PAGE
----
The MCL algorithm relies on the use of stochastic or markov matrices. A markov matrix uses n rows and n columns to represent the probabilities of random walks in a graph with n nodes. Precisely, for a markov matrix raised to the power z (where z is a whole number), the probability of ending up at vertex j after z steps and starting at vertex i is given by the cell at column j and row i.

The pseudo-code for the MCL algorithm is as follows[4]:
	add loops to G 
set r to some value # affects granularity
set M_1 to be the matrix of random walks on G
while (change) {
M_2 = M_1 * M_1 # expansion
M_1 = Γ(M_2) # inflation
change = difference(M_1, M_2)

Before the MCL algorithm begins, loops are added to all the vertices to increase the probability of walks staying within clusters. Then the algorithm begins to find the clusters by iteratively using expansion and inflation. In expansion, the markov matrix is squared thus finding the probabilities of longer walks. In inflation, each cell is raised to some power r, and then multiplied by a constant so that the sum of a row is once again equal to one. The purpose of inflation is to “boost” the probabilities of intra-cluster walks versus inter-cluster walks, thus causing the less likely walks to diverge to zero. The effect of converging to zero is what is essential to the clustering process (once a edge-probability has converged to zero, the edge has been in effect removed; this is how bridges between clusters are removed). When the cells are raised to a higher power, this has the effect of causing more edge-probabilities to converge to zero.

The CNM algorithm: Unlike the MCL algorithm, the CNM algorithm proceeds by attempting to maximize modularity. It begins by treating each node as a cluster and then merging clusters based on number of connections. This process stops when maximum modularity has been achieved.

Distance Measures: For this project, I used the Split-join distance measure and the normalized mutual information measure (nmi). The split join distance measures the number of vertexes that must be moved from one cluster to the other to make two clusterings the same. The nmi distance measure relies on information theoretic measures of the content of clusters.


For this project I used the methods described by Fields and Chen. My code is available at [6].


Table 1. Summary of MCL algorithm for 100 iterations:
Dist. metric Split-Join (sj) NMI
Min Mean Std. Dev. Max Min Mean Std. Dev. Max
pgp (100 iterations) 0.0 5.3e-05 6.9e-05 2.8e-04 0.0 1.7e-05 2.3e-05 1.0e-04
er-5000 (50 iterations) 0.0 0.0 0.0 0.0 0.0 0.0 0.0 0.0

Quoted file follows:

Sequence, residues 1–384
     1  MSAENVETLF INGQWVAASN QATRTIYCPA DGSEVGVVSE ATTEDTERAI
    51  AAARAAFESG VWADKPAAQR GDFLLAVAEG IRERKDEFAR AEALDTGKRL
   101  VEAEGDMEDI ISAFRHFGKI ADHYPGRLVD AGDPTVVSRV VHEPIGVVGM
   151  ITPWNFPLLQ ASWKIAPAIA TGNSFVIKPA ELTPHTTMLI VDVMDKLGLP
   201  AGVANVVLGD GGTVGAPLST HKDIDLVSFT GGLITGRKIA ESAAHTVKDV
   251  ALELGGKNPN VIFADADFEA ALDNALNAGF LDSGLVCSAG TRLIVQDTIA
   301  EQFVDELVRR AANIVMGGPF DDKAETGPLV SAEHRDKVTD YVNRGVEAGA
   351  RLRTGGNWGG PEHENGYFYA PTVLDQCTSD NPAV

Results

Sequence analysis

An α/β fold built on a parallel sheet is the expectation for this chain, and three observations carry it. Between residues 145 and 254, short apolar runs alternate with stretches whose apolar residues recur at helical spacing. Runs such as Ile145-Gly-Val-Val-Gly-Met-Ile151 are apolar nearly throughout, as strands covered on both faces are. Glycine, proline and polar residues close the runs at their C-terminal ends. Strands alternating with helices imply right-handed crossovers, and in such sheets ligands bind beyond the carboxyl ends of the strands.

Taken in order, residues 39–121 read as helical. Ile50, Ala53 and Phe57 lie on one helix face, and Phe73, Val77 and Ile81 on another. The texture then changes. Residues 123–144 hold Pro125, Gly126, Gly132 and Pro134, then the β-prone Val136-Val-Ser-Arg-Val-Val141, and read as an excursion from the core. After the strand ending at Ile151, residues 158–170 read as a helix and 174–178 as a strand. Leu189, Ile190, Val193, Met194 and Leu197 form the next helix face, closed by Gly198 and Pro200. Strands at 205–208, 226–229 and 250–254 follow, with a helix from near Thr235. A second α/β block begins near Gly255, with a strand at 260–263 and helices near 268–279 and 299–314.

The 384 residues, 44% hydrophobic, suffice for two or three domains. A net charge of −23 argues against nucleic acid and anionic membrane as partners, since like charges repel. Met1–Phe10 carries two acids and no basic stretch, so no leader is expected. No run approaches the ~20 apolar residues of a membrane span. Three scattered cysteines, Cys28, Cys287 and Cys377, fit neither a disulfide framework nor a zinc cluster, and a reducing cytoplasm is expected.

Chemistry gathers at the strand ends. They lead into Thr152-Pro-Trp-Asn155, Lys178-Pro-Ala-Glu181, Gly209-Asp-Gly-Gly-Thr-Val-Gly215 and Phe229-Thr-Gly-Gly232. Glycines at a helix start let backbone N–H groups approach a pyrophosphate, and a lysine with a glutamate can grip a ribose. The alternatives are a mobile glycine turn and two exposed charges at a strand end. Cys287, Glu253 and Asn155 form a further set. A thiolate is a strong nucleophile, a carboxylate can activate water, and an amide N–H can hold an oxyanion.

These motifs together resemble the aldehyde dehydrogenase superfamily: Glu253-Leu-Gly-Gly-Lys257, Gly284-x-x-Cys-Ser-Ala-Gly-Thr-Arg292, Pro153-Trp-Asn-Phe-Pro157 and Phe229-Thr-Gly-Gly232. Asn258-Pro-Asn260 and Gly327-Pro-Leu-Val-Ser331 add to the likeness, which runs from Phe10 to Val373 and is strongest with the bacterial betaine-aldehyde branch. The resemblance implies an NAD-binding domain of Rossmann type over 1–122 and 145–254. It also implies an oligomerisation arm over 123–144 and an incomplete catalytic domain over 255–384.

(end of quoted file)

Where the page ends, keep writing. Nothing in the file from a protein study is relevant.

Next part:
Table 2. Summary of FMod or CNM algorithm for 50 iterations:
Dist. metric Split-Join (sj) NMI
Min Mean Std. Dev. Max Min Mean Std. Dev. Max
pgp (100 iterations) 0.05 0.09 0.02 0.11 0.05 0.08 0.01 0.11
er-5000 (50 iterations) 0.63 0.67 0.016 0.70 0.97 0.98 0.005 0.99


My results seem to support the results of Chen and Fields. The general trends in the data are the same with the MCL algorithm producing clustering with much greater stability than the CNM algorithm. In addition, the pgp graph displays more stability than the er-5000 graph as expected. Since the copy model and preferential attachment are known to produce graphs with different edge-degree distributions, it is not surprising that distance values are not the same.1 The only surprising part of my results were that the er-5000 distance measures were 0 for the MCL algorithm. (This may be a result of a bug; I wrote my own code and did not borrow code by Chen and Fields.) For future inquiry, it would be interesting to understand if this is the result of an error in my code or if the results are correct.


[1] Tzu-Yi Chen, and Evan Fields: Evaluating the stability of communities found by clustering algorithms. CompleNet (2013).
[2] J.-C. Delvenne, S. N. Yaliraki, and M. Barahona: Stability of graph communities across time scales. 2010 107 (29) 12755-12760; published ahead of print June 30, 2010, doi:10.1073/pnas.0903215107. URL
[3] A. Vazquez, A. Flammini, A. Maritan, A. Vespignani: Modeling of protein interaction networks. ComPlexUs 1, 38 (2003). URL
[4] Pseudo-code taken from URL
[5] Stijn van Dongen, A cluster algorithm for graphs. Technical Report INS-R0010, National Research Institute for Mathematics and Computer Science in the Netherlands, Amsterdam, May 2000. URL
[6] Personal blog. URL